New York Attorney General Eric Schneiderman has issued a subpoena over the U.S. Chamber of Commerce's finances, just months before this year's U.S. elections, the Chamber said on Wednesday.
The Chamber gave no details about the subpoena, but a person familiar with the situation said Schneiderman was investigating whether a nonprofit affiliate funneled money to the Chamber for use in political activity.
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Thomas Collamore, the Chamber's vice president for communications, said the subpoena by Schneiderman, a Democrat, was "curiously timed."
"In the midst of a highly charged political season, it comes as no surprise that the New York State Attorney General would use his office to rehash a very old story about the Chamber's finances," Collamore said in a statement.
In 2010, a group called U.S. Chamber Watch sent a letter to the Internal Revenue Service saying the Starr Foundation, a $1.25 billion foundation chaired by former American International Group Inc head Maurice Greenberg, had given about $19 million to the National Chamber Foundation.
The National Chamber Foundation then loaned $18.1 million to the U.S. Chamber of Commerce, the letter said. There was no indication that any significant part of the loan had been repaid, it said.
Schneiderman's office began the probe after receiving a complaint from a watchdog group last year, the person familiar with the situation said.
The Starr Foundation did not return phone calls seeking comment. A spokeswoman for the law firm Boies Schiller and Flexner, which represents Greenberg in a different matter with the New York Attorney General's office, did not comment on the latest probe.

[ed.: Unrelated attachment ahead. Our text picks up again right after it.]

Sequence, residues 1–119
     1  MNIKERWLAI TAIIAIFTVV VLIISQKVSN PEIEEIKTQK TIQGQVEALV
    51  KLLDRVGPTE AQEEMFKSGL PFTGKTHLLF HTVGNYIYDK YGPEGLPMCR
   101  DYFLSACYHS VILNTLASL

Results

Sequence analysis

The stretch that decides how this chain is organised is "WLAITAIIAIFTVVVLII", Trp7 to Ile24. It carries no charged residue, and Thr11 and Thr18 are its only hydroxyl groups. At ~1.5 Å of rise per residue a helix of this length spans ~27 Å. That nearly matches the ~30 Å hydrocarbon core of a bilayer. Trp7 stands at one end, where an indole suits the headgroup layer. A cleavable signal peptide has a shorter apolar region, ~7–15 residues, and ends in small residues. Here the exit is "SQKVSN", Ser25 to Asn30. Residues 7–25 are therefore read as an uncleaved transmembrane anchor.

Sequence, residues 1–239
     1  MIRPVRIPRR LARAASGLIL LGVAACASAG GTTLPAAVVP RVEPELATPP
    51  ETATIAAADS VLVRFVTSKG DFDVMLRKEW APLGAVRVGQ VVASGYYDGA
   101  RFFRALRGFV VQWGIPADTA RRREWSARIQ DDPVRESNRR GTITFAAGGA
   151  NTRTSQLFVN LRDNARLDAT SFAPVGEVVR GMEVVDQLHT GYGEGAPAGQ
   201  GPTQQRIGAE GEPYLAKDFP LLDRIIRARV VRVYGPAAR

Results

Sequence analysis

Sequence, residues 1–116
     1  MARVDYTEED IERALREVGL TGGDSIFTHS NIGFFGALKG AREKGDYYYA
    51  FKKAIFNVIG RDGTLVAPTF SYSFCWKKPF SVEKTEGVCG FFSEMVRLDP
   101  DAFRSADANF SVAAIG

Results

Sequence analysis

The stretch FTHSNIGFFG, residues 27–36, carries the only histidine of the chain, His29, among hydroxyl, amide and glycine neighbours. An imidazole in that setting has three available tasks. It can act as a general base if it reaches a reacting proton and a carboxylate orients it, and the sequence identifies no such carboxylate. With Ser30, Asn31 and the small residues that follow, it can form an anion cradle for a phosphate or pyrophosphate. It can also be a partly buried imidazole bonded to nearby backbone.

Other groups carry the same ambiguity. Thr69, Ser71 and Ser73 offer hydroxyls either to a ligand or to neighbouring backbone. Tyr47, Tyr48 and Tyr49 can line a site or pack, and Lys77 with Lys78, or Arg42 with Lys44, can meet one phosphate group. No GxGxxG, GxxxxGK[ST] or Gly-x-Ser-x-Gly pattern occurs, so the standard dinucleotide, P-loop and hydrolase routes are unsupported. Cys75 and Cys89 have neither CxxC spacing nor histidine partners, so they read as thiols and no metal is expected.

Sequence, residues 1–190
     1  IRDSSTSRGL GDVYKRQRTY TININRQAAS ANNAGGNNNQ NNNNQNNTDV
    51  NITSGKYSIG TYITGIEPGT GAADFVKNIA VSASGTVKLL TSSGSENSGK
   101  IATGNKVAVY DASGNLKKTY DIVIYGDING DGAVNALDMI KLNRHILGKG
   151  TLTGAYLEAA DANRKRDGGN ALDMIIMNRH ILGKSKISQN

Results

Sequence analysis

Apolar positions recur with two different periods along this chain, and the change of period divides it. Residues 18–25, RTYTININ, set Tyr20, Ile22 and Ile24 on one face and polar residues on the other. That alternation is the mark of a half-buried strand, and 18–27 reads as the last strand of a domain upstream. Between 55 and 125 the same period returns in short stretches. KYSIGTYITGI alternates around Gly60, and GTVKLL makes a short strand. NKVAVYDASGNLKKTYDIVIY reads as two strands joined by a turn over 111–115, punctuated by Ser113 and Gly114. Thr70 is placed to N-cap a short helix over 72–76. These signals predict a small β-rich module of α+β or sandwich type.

Jennifer Givner, a spokeswoman for Schneiderman, declined to comment on the investigation, which was first reported by the New York Times on Wednesday.
The U.S. Chamber of Commerce is the world's largest business organization and is the voice in Washington, D.C. for more than three million businesses, according to its website.
The National Chamber Foundation is a nonprofit affiliate group, barred by tax rules from trying to influence legislation as a substantial part of its activities and which may not participate in any campaign activity for or against political candidates.
The probe is being conducted by the charities bureau of the New York Attorney General's office. Under state law, charities that raise money or do business in New York must annually file reports with the attorney general's office and provide an Internal Revenue Service form if they solicit $25,000 or more in contributions.